Improved accuracy of geographical positioning systems has facilitated the investigation of household patterns both of schistosome infection (Clennon et al., 2004; Utzinger et al., 2003) and associated morbidity, including hepatomegaly and fibrosis (Booth et al., 2004). Because patterns of infection and disease vary strongly by demographic variables, such as age and sex, it is important that analysis takes adequate account of these factors as well as the spatial correlation in the data. Bayesian spatial modelling can provide smoothed estimates of the intensity of schistosome infection while adjusting for spatial correlation and the highly aggregated distributions of egg counts as well as individual-level covariates such as age and sex (Brooker et al., 2006a).
Recent theoretical work on the persistence of infectious diseases using transmission models indicates that persistence typically decreases with increasing spatial heterogeneity (Hagenaars et al., 2004; Woolhouse et al., 1998). The significance of spatial heterogeneity of schistosomiasis to the overall transmission and the effectiveness of different intervention strategies is poorly understood at present (Gurarie and King, 2005). An important first step to improving our understanding is better quantification of observed heterogeneities across a variety of spatial scales, and is an area that merits further study.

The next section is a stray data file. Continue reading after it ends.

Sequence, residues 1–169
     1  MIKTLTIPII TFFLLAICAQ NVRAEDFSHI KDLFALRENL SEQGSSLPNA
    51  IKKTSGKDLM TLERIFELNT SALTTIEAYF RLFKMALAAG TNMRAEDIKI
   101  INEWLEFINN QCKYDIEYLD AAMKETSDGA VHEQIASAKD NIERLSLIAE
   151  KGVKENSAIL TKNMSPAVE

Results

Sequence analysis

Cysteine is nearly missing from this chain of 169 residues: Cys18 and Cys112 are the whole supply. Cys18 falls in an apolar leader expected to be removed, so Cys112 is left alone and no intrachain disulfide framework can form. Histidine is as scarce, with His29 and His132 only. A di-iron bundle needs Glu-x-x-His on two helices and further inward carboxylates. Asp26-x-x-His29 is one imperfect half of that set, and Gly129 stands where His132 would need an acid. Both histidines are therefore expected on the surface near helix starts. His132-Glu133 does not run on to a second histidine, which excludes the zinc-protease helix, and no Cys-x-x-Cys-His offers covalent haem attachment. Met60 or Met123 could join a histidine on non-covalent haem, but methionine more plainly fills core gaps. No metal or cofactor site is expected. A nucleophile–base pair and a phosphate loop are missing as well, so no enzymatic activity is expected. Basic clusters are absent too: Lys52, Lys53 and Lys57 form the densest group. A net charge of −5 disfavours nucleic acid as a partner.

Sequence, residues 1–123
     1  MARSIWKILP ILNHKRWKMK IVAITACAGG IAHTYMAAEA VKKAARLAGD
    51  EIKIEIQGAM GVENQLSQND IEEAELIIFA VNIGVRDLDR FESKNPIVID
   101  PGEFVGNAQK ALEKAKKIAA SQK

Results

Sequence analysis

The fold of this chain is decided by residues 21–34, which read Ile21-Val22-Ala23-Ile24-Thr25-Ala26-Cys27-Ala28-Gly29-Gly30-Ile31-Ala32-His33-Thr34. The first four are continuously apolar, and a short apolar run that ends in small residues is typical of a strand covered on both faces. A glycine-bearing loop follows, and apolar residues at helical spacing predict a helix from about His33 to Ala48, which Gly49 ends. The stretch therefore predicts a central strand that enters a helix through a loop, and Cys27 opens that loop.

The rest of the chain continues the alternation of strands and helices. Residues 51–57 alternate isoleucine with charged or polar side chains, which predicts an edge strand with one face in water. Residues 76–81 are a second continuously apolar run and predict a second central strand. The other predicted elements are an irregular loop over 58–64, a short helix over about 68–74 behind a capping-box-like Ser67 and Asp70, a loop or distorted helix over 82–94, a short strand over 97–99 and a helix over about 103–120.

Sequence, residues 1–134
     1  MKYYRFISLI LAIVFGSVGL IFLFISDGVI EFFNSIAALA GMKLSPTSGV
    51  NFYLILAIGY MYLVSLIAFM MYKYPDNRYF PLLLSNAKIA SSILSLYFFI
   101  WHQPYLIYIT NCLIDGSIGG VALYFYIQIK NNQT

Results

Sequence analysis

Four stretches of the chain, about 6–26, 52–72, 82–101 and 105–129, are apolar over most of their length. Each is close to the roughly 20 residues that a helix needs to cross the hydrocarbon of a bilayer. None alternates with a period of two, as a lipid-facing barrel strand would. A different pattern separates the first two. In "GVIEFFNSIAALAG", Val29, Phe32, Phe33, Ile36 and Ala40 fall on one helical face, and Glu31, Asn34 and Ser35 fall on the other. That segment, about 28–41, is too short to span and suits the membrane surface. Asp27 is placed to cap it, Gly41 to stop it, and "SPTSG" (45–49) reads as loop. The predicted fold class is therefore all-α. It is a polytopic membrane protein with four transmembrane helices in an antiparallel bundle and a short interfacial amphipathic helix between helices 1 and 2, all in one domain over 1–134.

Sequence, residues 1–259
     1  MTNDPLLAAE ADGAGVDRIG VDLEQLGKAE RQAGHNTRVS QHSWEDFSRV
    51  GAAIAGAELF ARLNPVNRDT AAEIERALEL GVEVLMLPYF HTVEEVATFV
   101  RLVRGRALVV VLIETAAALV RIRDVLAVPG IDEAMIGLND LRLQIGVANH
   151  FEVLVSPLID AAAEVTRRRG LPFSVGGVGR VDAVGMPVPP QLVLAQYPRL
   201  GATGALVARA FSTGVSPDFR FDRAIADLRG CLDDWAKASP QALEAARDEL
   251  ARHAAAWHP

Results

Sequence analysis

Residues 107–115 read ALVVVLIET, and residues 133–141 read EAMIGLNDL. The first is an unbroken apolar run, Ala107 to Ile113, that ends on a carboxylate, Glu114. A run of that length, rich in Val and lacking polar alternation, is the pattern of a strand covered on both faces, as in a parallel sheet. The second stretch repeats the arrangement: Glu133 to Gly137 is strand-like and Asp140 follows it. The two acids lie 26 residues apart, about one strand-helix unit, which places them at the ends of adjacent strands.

Schistosomiasis occurs across the African continent in numerous geographic landscapes of varied characteristics, in which specific climatic, physical and human characteristics influence the intensity of transmission. Through a knowledge of the characteristics necessary for the transmission of infection, it is possible to understand and predict the spatial and temporal distribution of infection. The idea of using landscape features to understand the spatial heterogeneity of infectious diseases extends back to the 1930s through the work of the Russian parasitologist Evgenii Pavlovsky who coined the phrase ‘landscape epidemiology’.
The schistosome parasite requires a molluscan intermediate host in which to undergo development, and freshwater snails form an essential component in the lifecycle of schistosomiasis. This ties transmission to landscapes where people and snails come together at the same water habitat. Numerous factors act to determine the rate of transmission in a given location. These include biotic and abiotic features, such as climatic, physical and chemical factors that affect the survival and development of schistosome parasites and snail host populations (Sturrock, 1993), as well as socioeconomic and behavioural characteristics of the human community such as water contact behaviour and the adequacy of water and sanitation, which affect the frequency and intensity of exposure to infected water (Bundy and Blumenthal, 1990).